Now Available for Public Comment: Notice of Proposed Rulemaking (NPRM) for FDAAA 801 and NIH Draft Reporting Policy for NIH-Funded Trials

Study of Insulin Therapy Augmented by Real Time Sensor IN Type 1 Children and Adolescents (START-IN!)

This study has been completed.
Sponsor:
Information provided by (Responsible Party):
Assistance Publique - Hôpitaux de Paris
ClinicalTrials.gov Identifier:
NCT00949221
First received: July 29, 2009
Last updated: July 26, 2012
Last verified: July 2012
  Purpose

Glycemic control in children and adolescent with type 1 diabetes remains inadequate, exposing them to the risk of vascular complications in adulthood.

One of the limiting factors is the daily number of self measurements of blood glucose required to optimize intensive insulin therapy.

Real Time Continuous Glucose Monitoring augmented by alarms (RT CGM) is a recent innovation. A randomized clinical study has shown its efficacy at short term (3 months). However, optimal clinical use of these devices requires rigorous assessment of their effectiveness on glycemic control, tolerance and acceptability in medium and long term.

Primary objective: To assess the long-term effectiveness of two strategies of use of RT CGM (continuous or discontinuous) on glycemic control compared to conventional blood glucose self-monitoring (SMBG).

Population: Children and adolescents with type 1 diabetes with inadequate glycemic control despite intensive insulin therapy.


Condition Intervention Phase
Type 1 Diabetes
Device: monitor Paradigm 754 VEO, MINILINK Real Time, Medtronic, CE
Phase 2
Phase 3

Study Type: Interventional
Study Design: Allocation: Randomized
Endpoint Classification: Safety/Efficacy Study
Intervention Model: Parallel Assignment
Masking: Open Label
Primary Purpose: Treatment
Official Title: Evaluation of Long-term Efficacy of 2 Strategies of Real Time Continuous Glucose Monitoring, Compared to Self BG-monitoring in Children and Adolescent With Type 1 Diabetes: a Randomized, Multicenter, Open Trial

Resource links provided by NLM:


Further study details as provided by Assistance Publique - Hôpitaux de Paris:

Primary Outcome Measures:
  • Comparison of the effect of 2 strategies of real time continuous glucose monitoring vs conventional SMBG on glycated haemoglobin = HbA1c measured at inclusion, 3, 6, 9, 12 months [ Time Frame: 1 year ] [ Designated as safety issue: Yes ]

Secondary Outcome Measures:
  • HbA1c and associated factors with HbA1c changes, others parameters of glycemic control, tolerance, acceptability, quality of life, satisfaction after use of real time continuous glucose monitoring in 150 pediatric patients [ Time Frame: 3 months ] [ Designated as safety issue: Yes ]
  • Frequency of acute metabolic events (severe hypoglycaemia or ketoacidosis) [ Time Frame: 1 year ] [ Designated as safety issue: Yes ]
  • Frequency of non-severe or symptomatic hypoglycaemia [ Time Frame: 1 year ] [ Designated as safety issue: Yes ]
  • Average blood glucose and glycemic variability [ Time Frame: 1 year ] [ Designated as safety issue: Yes ]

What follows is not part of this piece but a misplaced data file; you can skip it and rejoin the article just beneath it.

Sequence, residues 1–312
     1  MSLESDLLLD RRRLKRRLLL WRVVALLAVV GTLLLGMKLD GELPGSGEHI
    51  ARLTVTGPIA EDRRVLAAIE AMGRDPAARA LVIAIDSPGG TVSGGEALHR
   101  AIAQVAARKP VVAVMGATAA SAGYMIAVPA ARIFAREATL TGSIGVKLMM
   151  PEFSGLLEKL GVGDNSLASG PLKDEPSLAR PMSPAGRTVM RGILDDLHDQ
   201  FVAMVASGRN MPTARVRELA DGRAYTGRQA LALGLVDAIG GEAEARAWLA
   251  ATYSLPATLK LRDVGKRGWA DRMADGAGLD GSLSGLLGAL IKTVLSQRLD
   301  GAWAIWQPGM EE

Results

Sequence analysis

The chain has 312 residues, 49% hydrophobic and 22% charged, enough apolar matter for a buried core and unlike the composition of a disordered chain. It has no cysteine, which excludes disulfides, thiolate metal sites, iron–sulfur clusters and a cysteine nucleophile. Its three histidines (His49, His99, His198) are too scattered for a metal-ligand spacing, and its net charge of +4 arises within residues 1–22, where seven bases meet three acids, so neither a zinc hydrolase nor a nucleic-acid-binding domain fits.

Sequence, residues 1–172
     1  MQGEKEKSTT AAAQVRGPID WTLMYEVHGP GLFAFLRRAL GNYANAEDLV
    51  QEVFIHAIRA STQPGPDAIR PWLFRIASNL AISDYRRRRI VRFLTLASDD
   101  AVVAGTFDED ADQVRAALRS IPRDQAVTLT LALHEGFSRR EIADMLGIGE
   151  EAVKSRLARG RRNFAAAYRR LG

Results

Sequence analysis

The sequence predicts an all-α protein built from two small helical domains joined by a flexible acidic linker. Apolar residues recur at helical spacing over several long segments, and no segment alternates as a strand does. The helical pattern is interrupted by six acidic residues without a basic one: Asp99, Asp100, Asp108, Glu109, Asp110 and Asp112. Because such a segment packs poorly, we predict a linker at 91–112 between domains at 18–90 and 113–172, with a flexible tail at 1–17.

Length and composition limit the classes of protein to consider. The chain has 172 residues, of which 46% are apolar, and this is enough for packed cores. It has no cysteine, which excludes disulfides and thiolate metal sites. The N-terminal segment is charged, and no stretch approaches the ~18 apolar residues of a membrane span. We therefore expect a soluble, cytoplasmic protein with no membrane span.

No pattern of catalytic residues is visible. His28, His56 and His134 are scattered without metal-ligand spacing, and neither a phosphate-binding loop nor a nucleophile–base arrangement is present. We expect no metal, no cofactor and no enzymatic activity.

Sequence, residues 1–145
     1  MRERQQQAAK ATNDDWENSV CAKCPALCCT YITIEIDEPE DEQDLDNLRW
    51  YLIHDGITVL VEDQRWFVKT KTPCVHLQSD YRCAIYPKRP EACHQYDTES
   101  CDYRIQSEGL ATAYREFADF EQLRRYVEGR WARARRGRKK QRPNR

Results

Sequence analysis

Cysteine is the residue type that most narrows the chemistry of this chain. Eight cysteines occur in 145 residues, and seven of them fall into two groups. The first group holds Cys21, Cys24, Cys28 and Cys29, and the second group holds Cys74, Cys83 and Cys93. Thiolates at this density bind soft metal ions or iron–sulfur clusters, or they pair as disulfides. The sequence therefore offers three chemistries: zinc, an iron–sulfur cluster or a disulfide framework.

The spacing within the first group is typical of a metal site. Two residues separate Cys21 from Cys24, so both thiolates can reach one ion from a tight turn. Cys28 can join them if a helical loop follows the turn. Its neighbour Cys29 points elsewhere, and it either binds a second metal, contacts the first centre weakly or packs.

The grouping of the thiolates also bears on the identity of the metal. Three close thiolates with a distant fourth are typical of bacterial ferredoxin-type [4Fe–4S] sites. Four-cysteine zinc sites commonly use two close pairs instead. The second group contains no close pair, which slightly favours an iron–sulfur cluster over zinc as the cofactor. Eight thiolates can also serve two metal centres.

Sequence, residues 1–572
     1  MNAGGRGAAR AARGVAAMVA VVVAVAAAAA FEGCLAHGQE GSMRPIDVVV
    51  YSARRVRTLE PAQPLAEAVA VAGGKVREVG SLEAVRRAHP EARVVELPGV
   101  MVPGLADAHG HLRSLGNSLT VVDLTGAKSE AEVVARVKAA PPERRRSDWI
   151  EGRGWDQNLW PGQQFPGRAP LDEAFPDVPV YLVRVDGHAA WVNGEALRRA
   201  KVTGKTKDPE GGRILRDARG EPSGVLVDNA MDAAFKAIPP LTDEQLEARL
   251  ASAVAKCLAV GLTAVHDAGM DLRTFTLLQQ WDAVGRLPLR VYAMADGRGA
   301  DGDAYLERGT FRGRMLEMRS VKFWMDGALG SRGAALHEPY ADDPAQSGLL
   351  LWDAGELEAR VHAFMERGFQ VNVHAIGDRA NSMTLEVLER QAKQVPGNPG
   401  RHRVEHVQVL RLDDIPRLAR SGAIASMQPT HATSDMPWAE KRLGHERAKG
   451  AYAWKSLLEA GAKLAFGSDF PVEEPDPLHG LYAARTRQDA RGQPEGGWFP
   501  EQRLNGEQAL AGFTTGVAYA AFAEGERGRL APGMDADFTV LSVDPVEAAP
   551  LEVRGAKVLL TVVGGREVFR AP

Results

• Tolerance of using the device of continuous glucose monitoring (skin tolerance) [ Time Frame: 1 year ] [ Designated as safety issue: Yes ]
  • Acceptability of the device (percentage of time of use) [ Time Frame: 1 year ] [ Designated as safety issue: Yes ]
  • General and diabetes-related Quality of life [ Time Frame: 1 year ] [ Designated as safety issue: Yes ]
  • Satisfaction to use the device [ Time Frame: 1 year ] [ Designated as safety issue: Yes ]
  • Medico-economic evaluation [ Time Frame: 1 year ] [ Designated as safety issue: Yes ]

Enrollment: 150
Study Start Date: September 2009
Study Completion Date: July 2012
Primary Completion Date: July 2012 (Final data collection date for primary outcome measure)
Arms Assigned Interventions
Group 1
monitor Paradigm 754 VEO, MINILINK Real Time, Medtronic, CE: Continuous glucose monitoring for 3 months, then conventional blood glucose self-monitoring for 9 months
Device: monitor Paradigm 754 VEO, MINILINK Real Time, Medtronic, CE
  • group 1: continuous glucose monitoring for 3 months, then conventional blood glucose self-monitoring for 9 months;
  • group 2: intensive strategy using continuous glucose monitoring for 12 months;
  • group 3: intermediate strategy using continuous glucose monitoring for 3 months, then discontinuous use of the device for 9 months (approximately 40% of the time, alternating with conventional blood glucose self-monitoring).
Other Name: monitor Paradigm 754 VEO, MINILINK Real Time, Medtronic, CE
Group 2
monitor Paradigm 754 VEO, MINILINK Real Time, Medtronic, CE: Intensive strategy using continuous glucose monitoring for 12 months
Device: monitor Paradigm 754 VEO, MINILINK Real Time, Medtronic, CE
  • group 1: continuous glucose monitoring for 3 months, then conventional blood glucose self-monitoring for 9 months;
  • group 2: intensive strategy using continuous glucose monitoring for 12 months;
  • group 3: intermediate strategy using continuous glucose monitoring for 3 months, then discontinuous use of the device for 9 months (approximately 40% of the time, alternating with conventional blood glucose self-monitoring).
Other Name: monitor Paradigm 754 VEO, MINILINK Real Time, Medtronic, CE
Group 3
monitor Paradigm 754 VEO, MINILINK Real Time, Medtronic, CE: Intermediate strategy using continuous glucose monitoring for 3 months, then discontinuous use of the device for 9 months (approximately 40% of the time, alternating with conventional blood glucose self-monitoring).
Device: monitor Paradigm 754 VEO, MINILINK Real Time, Medtronic, CE
  • group 1: continuous glucose monitoring for 3 months, then conventional blood glucose self-monitoring for 9 months;
  • group 2: intensive strategy using continuous glucose monitoring for 12 months;